The purpose of this series of blog entries is to prove anyone can create anything. Many people who are exposed to Happeh Theory feel it cannot be treated seriously because the creator is not the type of individual that generates unquestioning trust in others the way others seem to give scientists with degrees unquestioning trust.
It is hoped that the examples of regular people creating or inventing things will give confidence to the individual who doubts Happeh Theory. If regular people in these examples can produce creations that scientists agree are worthwhile and valid, the reader must admit it is entirely within the realm of possibility that the claims of Happeh Theory will eventually be validated by scientists as well.
The news article that is the subject of this blog entry is about a 22 year old student who solved an astrophysics problem “that has puzzled astronomers for decades”.
If this boy has discovered something that has puzzled astronomers for decades, then why couldn’t the creator of Happeh Theory have discovered something that has previously puzzled scientists?
The original news story is reprinted below.
A 22-year-old Australian university student has solved a problem which has puzzled astrophysicists for decades, discovering part of the so-called “missing mass” of the universe during her summer break.
Undergraduate Amelia Fraser-McKelvie made the breakthrough during a holiday internship with a team at Monash University’s School of Physics, locating the mystery material within vast structures called “filaments of galaxies”.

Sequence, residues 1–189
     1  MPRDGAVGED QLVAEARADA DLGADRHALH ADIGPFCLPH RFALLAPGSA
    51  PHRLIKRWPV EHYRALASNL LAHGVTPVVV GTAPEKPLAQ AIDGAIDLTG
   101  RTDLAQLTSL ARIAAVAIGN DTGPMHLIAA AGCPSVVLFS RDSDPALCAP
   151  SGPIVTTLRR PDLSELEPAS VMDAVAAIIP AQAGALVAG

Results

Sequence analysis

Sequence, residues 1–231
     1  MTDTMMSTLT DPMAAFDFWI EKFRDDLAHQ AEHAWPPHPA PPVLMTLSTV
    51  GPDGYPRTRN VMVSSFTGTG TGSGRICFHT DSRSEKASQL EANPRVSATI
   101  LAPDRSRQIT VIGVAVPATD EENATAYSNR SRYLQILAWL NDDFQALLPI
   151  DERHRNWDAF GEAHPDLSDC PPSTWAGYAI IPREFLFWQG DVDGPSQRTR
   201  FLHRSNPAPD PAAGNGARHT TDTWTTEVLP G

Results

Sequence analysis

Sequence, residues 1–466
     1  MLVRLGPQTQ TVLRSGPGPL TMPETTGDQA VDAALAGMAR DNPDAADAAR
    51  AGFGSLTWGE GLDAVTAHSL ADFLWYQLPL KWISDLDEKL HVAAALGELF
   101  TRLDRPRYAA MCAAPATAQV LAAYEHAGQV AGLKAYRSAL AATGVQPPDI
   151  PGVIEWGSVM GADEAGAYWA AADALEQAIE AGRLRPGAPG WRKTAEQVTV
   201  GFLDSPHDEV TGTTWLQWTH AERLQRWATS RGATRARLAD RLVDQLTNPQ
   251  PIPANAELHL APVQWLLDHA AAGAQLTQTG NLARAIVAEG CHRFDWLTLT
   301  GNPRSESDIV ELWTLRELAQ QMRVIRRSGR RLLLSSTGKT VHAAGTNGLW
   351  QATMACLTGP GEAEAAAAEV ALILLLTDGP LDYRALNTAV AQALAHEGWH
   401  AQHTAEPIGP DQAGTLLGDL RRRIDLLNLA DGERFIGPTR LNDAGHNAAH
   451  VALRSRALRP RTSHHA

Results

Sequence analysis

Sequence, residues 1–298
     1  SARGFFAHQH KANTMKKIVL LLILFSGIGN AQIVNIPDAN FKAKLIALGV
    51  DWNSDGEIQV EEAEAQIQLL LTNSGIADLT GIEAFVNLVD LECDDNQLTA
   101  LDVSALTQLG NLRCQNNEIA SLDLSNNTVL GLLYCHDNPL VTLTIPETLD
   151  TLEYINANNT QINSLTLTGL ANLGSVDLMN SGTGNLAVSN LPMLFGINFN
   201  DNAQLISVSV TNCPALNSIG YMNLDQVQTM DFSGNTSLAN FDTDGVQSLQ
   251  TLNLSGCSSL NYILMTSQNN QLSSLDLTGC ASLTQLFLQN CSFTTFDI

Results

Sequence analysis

Monash astrophysicist Dr Kevin Pimbblet explained that scientists had previously detected matter that was present in the early history of the universe but that could not now be located.
“There is missing mass, ordinary mass not dark mass … It’s missing to the present day,” Pimbblet told AFP.
“We don’t know where it went. Now we do know where it went because that’s what Amelia found.”
Fraser-McKelvie, an aerospace engineering and science student, was able to confirm after a targeted X-ray search for the mystery mass that it had moved to the “filaments of galaxies”, which stretch across enormous expanses of space.
Pimbblet’s earlier work had suggested the filaments as a possible location for the “missing” matter, thought to be low in density but high in temperature.
Pimbblet said astrophysicists had known about the “missing” mass for the past two decades, but the technology needed to pinpoint its location had only become available in recent years.
He said the discovery could drive the construction of new telescopes designed to specifically study the mass.
Pimbblet admitted the discovery was primarily academic, but he said previous physics research had led to the development of diverse other technologies.
“Whenever I speak to people who have influence, politicians and so on, they sometimes ask me ‘Why should I invest in physics pure research?’. And I sometimes say to them: ‘Do you use a mobile phone? Some of that technology came about by black hole research’.
“The pure research has knock-on effects to the whole society which are sometimes difficult to anticipate.”